Tag Archives: SMC

Small Magellanic Cloud

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The Small Magellanic Cloud (SMC) is a dwarf galaxy. It is classified as a dwarf irregular galaxy. It has a diameter of about 7,000 light-years and contains several hundred million stars. It has a total mass of approximately 7 billion times the mass of the Sun.

Some speculate that the SMC was once a barred spiral galaxy that was disrupted by the Milky Way to become somewhat irregular. It contains a central bar structure.

At a distance of about 200,000 light-years, it is one of the Milky Way’s nearest neighbors. It is also one of the most distant objects that can be seen with the naked eye.

With a mean declination of approximately −73 degrees, it can only be viewed from the Southern Hemisphere and the lower latitudes of the Northern Hemisphere. It is located in the constellation of Tucana and appears as a hazy, light patch in the night sky about 3 degrees across. It looks like a detached piece of the Milky Way. Since it has a very low surface brightness, it is best viewed from a dark site away from city lights.

It forms a pair with the Large Magellanic Cloud (LMC), which lies a further 20 degrees to the east. The Small Magellanic Cloud is a member of the Local Group.

Imaging telescopes or lenses: Takahashi FSQ106 ED
Imaging cameras: NIKON D800
Mounts: Losmandy G11
Guiding telescopes or lenses: Saxon 80mm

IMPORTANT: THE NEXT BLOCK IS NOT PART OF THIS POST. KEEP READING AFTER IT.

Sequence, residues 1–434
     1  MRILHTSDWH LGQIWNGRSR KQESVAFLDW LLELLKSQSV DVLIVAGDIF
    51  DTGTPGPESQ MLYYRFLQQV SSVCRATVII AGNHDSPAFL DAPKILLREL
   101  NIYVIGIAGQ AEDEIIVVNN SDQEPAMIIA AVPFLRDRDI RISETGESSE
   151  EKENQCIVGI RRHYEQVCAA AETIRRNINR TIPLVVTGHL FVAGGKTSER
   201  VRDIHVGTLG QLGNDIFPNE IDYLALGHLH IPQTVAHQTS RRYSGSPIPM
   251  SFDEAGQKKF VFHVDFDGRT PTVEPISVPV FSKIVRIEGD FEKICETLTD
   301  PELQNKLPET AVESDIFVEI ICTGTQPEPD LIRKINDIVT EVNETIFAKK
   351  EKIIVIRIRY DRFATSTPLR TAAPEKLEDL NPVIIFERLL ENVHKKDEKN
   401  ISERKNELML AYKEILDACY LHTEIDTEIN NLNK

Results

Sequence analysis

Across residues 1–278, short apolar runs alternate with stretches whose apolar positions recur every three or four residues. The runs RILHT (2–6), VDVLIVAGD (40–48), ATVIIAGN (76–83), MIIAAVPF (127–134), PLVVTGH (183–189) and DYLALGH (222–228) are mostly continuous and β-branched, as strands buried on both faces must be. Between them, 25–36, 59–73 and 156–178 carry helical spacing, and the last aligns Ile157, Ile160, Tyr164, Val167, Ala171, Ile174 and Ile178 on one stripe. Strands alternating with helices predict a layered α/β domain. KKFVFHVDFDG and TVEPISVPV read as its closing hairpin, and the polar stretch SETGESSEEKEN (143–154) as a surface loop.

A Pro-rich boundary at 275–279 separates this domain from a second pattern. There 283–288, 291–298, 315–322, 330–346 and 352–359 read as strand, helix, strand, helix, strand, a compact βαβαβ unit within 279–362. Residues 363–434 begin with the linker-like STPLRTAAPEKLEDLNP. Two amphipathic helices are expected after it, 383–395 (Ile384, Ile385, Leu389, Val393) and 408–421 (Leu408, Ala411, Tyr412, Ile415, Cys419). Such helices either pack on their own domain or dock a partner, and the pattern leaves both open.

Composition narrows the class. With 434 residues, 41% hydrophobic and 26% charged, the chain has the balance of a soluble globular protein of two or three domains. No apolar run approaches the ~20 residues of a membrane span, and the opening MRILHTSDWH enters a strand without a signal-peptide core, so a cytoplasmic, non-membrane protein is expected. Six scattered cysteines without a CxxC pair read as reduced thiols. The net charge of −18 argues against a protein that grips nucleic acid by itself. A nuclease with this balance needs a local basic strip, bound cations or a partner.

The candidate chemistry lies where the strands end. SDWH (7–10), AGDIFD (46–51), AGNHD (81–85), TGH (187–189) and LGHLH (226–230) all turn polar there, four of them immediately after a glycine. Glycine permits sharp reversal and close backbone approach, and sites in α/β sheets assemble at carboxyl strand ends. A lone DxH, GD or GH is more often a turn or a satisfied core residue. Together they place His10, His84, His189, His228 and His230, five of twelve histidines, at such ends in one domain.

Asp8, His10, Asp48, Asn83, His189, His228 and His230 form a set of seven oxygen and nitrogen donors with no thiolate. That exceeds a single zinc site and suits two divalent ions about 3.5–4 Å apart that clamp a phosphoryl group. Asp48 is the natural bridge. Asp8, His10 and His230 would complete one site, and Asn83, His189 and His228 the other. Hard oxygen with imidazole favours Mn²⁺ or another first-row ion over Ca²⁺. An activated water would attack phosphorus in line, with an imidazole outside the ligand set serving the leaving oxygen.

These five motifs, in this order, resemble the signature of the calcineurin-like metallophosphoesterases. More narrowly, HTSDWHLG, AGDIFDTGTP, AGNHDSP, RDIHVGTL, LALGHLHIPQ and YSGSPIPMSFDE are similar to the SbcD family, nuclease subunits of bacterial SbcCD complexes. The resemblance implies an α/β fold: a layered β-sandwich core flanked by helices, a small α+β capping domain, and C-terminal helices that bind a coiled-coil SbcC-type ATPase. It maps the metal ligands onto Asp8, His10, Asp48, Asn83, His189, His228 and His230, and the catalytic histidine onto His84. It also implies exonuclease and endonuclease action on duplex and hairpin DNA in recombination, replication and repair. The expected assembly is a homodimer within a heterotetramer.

Guiding cameras: The Imaging Source DMK41AF02.AS
Software: DeepSkyStacker, PHD guiding, photoshop
Dates: May 18, 2012
Frames: 11×300″
Integration: 0.9 hours

Author: Andrew Lockwood
AstroPhotography of the day by SPONLI
14 June 2014

Open Cluster NGC 290: A Stellar Jewel Box 

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Image Credit: ESA & NASA; Acknowledgement: E. Olszewski (U. Arizona)

Jewels don’t shine this bright — only stars do. Like gems in a jewel box, though, the stars of open cluster NGC 290 glitter in a beautiful display of brightness and color. The photogenic cluster, pictured above, was captured recently by the orbiting Hubble Space Telescope. Open clusters of stars are younger, contain few stars, and contain a much higher fraction of blue stars than do globular clusters of stars. NGC 290 lies about 200,000 light-years distant in a neighboring galaxy called the Small Cloud of Magellan (SMC). The open cluster contains hundreds of stars and spans about 65 light years across. NGC 290 and other open clusters are good laboratories for studying how stars of different masses evolve, since all the open cluster’s stars were born at about the same time.

NASA APOD 08-Jun-14